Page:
When I posed the question, do you think you’ve figured out what your purpose is, Rhianna promptly blurted out a sound no.  On the other hand, I said yes, that my purpose was to do good and spread love.

Kris also said no, as “there’s no specific one thing in my head and I don’t know what I’ve been put on his earth to do.”  He also added another element to his response by saying, “I think you’ve got to have yourself together if you’re going to tackle really big things… You need to be well equipped to be able to deal with all these issues.”

This led on to a conversation about the part individuals play in addressing and attempting to solve the many issues and problems we face in the world.  Kris thinks “the definition of caring about a problem is wanting to see it solved,” however, Kayleigh raised the point that “everyone has different capabilities,” meaning that not every individual may be able to respond to a particular issue in the same way.  Some may only be able to protest and others may be able to have a greater influence over policy.

In response to this, I raised the question of whether we are getting too obsessed with marches and social media hash tags.  Kris gave an adamant yes, which he backed up by saying, “Voice truth when there’s a lie going on, but I don’t like [when people jump on the bandwagon]… I think the question is why do people do what they do?”  He also thinks that it would be better if people got involved in the issue they are protesting about.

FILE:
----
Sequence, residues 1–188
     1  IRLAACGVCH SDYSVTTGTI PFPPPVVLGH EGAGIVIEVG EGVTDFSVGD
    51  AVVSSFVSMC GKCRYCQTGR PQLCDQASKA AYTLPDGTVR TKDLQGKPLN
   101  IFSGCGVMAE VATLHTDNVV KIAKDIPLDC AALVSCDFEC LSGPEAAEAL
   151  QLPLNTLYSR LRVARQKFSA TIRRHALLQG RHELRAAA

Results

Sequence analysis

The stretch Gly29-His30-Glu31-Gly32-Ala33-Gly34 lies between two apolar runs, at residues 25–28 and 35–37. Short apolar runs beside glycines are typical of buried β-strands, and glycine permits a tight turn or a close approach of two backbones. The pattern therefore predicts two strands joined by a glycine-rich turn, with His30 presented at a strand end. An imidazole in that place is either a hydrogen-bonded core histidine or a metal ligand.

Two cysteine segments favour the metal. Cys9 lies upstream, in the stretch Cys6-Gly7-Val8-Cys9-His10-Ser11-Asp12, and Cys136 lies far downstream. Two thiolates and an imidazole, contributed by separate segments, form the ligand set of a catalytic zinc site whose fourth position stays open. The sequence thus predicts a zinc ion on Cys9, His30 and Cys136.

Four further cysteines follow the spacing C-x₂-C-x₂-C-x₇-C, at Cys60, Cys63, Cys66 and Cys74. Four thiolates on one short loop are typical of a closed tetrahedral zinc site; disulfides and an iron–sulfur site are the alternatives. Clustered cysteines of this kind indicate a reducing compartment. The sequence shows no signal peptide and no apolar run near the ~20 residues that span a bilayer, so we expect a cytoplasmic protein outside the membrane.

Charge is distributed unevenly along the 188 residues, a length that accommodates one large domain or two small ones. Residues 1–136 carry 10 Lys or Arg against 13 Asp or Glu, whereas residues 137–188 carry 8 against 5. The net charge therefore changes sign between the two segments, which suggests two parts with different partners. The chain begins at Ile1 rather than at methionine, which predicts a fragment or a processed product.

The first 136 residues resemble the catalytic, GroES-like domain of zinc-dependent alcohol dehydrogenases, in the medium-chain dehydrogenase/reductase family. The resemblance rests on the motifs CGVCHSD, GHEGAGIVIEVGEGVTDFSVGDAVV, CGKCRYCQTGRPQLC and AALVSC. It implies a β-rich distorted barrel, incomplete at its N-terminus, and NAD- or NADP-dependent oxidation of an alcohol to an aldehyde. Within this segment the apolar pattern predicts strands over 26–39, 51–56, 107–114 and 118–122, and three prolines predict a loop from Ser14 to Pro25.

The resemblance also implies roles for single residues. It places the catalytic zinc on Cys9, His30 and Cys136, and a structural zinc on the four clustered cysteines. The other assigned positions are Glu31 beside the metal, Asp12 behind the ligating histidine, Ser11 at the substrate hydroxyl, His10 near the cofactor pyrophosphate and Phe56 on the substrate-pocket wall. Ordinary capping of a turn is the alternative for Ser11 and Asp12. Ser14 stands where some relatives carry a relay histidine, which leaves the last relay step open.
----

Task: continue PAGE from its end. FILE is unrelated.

However, Kayleigh believes that it depends on the media of it, as it is really easy to manipulate people.  Kris also backed up this point in a way when he said, “There are certain things that aren’t right, but they seem right.”

This led on to a discussion about equality, society and culture in various aspects of our lives that went in a number of different directions.  A compelling point made by Rhianna was about people generalising based on what they’ve heard or what they know, as it’s like society sets guidelines so people know what they are supposed to be doing.

Kayleigh also made one of the best statements of the night: “If you want everyone on the same playing field, you’ve got to level the playing field first.”

Speaking about culture and society also meant that we spoke a lot about visual differences, which of course included race.  Rhianna thinks that you gravitate towards your own race, depending on the environment, because that’s what you’re comfortable with.

Touching on the contrast between race and culture, Kayleigh stated, “Race isn’t a social construct, but culture is.”  Most of us agreed and Rhianna also added, “You can identify as the culture, but you can’t identify as the race.”

Eventually, we ended up speaking about the way we describe each other, which ultimately resulted in a final discussion on language.  Rhianna made a very thought-provoking comment when she said, “If we’re going to scrutinise language, then why do we speak at all?”  And Kris described language as a game we all play – “Words come out of purpose.”

The Kickback returns on April 17th when the focus will be ‘Youth Violence’.  Join us in Project B from 6.30-8.30pm for more great conversation, snacks and new faces.  Looking forward to seeing you then.

Stay updated with Young People Insight by following @YPInsight on Twitter, following @youngpeopleinsight on Instagram, liking Young People Insight on Facebook and subscribing to the Young People Insight YouTube channel.